Posts Tagged: Tin House
At the Atlantic, Nathan Scott McNamara provides an optimistic view of the symbiotic relationship between massive corporate publishers and small indie houses. Profiling energetic presses like Graywolf, Coffee House, Two Dollar Radio, and Dorothy, McNamara argues:
…by inventing new models rather than trying to repeat past success, by valuing ingenuity over magnitude, by thinking of sales as a way to make great books possible rather than the point—indie presses aren’t just becoming the places where the best books are published; they’re already there.
We have an unfortunate tendency to let motherhood eclipse all aspects of a person’s identity—and then to turn around and call motherhood a faulty aspiration. Luckily there are moms like Antonia Malchik who write anyway, and implore us to remember moms like Elinore Pruitt Stewart, who ventured out onto the Wyoming frontier with her daughter:
Why is work like Thoreau’s lauded and the writings of Stewart hardly known?
There’s a treasure trove of poetry recommendations at Tin House’s Open Bar. Jessica Lakritz’s Sex on Sundaze is alive: she writes her lines on human bodies. One Tin House staff member declares, “Poetry is the hard liquor of literature, and I choose to douse myself in Rattle [the poetry magazine].”...more
I think that everyone writes for an ideal reader. Mine are friends in my heads, some of whom are no longer with me, with us.
Darryl Pinckney, author of Black Deutschland, in conversation with Rob Spillman, author of All Tomorrow’s Parties and the editor of Tin House, talks about Berlin before and after the Wall: liberal paradise, impossibly long days and nights, cultural guilt, and raves....more
Liu Xia’s burden has become too heavy. Her heart is beginning to fail. In isolation, she can only stare at a tree through her window, a tree that a bird can only dwell on:
Is it a tree?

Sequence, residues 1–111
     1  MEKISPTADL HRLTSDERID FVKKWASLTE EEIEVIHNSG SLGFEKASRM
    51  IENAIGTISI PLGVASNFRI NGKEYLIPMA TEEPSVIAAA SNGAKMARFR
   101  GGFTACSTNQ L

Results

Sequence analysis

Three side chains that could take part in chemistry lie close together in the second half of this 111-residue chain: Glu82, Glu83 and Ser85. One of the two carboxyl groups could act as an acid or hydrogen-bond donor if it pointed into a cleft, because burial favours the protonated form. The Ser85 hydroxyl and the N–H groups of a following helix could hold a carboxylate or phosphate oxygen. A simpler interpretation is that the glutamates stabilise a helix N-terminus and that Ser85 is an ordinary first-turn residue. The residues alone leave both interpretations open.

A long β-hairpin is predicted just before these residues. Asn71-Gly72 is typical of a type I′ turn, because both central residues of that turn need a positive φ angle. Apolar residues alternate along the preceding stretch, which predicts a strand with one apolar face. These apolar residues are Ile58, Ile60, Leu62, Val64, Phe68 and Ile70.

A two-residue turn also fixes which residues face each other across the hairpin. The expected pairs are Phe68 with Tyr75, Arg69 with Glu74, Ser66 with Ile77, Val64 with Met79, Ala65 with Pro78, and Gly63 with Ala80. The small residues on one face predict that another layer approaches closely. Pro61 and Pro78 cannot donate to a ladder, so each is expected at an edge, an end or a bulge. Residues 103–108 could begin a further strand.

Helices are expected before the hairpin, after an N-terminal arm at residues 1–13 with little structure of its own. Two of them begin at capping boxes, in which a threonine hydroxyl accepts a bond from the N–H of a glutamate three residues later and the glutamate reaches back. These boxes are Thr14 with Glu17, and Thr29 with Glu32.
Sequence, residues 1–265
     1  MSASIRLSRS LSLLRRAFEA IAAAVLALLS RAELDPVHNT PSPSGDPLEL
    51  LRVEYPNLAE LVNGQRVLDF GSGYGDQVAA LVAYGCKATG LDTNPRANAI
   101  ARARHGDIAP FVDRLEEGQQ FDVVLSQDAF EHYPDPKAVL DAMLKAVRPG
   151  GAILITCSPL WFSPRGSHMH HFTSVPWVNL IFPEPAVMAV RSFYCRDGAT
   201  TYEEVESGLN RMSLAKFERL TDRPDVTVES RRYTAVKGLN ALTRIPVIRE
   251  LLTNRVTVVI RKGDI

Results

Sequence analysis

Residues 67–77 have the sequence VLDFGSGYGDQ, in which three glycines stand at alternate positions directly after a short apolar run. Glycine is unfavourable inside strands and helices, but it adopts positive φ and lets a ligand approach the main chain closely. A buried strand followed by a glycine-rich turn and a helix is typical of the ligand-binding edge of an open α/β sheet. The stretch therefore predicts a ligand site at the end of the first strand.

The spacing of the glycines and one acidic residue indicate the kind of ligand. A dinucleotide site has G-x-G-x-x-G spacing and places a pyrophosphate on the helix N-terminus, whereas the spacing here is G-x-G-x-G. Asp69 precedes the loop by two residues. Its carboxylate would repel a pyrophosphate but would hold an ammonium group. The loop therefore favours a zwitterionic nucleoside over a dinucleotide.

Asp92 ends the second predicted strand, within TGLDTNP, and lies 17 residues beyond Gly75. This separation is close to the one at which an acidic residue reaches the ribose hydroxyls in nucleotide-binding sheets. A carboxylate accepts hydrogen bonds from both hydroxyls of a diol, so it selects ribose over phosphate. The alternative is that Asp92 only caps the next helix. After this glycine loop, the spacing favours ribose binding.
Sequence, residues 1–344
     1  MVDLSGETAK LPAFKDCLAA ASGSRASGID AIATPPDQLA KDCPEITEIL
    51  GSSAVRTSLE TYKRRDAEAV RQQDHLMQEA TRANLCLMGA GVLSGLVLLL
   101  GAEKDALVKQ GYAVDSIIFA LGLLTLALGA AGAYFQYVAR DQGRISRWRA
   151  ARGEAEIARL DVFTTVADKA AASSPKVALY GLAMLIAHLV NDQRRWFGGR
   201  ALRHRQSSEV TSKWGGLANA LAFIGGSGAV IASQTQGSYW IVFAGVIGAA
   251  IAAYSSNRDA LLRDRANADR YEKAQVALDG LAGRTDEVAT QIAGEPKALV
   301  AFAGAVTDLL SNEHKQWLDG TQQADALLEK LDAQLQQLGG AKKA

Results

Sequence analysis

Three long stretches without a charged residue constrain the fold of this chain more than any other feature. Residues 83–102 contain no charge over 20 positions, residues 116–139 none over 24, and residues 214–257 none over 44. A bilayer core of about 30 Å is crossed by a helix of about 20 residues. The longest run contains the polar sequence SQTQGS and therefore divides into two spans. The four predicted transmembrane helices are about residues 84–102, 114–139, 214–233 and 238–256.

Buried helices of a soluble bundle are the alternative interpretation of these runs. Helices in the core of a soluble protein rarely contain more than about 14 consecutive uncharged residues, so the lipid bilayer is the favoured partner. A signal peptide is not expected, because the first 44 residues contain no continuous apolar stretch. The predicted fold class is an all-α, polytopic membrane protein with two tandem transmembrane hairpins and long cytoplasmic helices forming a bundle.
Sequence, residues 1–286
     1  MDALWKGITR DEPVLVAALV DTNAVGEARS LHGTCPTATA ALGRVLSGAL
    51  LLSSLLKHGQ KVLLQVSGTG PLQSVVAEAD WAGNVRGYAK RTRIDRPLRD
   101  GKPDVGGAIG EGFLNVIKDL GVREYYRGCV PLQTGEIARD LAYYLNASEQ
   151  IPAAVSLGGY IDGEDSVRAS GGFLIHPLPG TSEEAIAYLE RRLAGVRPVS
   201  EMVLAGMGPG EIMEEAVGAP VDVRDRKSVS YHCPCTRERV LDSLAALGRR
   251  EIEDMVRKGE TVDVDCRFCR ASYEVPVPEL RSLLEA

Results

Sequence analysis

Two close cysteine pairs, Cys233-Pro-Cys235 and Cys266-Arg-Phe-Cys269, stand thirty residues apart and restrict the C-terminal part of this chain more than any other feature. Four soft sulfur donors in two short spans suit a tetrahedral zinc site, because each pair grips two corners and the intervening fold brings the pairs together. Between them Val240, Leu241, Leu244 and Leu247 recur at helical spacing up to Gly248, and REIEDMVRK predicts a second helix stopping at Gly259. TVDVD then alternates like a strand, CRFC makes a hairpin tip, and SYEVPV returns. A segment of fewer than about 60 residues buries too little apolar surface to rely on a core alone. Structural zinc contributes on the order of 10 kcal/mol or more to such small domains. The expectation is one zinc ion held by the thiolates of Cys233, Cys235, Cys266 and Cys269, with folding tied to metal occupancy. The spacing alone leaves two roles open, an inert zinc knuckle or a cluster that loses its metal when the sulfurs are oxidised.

It’s me, alone.
Earlier this month, Steven Millhauser released Voices in the Night, a new collection of short stories. On Tuesday, the Boston Globe described the towns of many of the stories in this newest effort as “Millhauserian,” which Eugenia Williamson defines as places where “characters must process their encounters with the uncanny without breaking their rose-colored glasses.”
Such is the case in Millhauser’s “Sons and Mothers,” which first appeared in the Winter 2012 issue of Tin House....more
It’s that time of year again, where writers young and old, from all corners of the country, come to congregate in one gigantic, frenetic, neurotic, alcohol-infused crowd, in a couple of fancy hotels no one can really afford, to stay in and talk shop (or not, depending on how your writing’s been this year)....more
Chalk it up to a week where Twitter just felt like too much. Chalk it up to good ol’ nostalgia for the feel of a hefty book in your hands. Or maybe, just chalk it up to an aligning of stars that placed nine exceptional writers under the same roof....more
For all her artistic clout, critics continue to dismiss Miranda July as “cutesy” and “twee,” labels that reflect an inability to distinguish between her work and her persona. Over at Guernica, Tin House editor Rob Spillman argues in defense of whimsy:
Part of the reason that some find July’s literary success so galling is that she is not simply a novelist; she is “Miranda July” a continuingly evolving conceptual art project, as well as the writer, director, and star of two movies.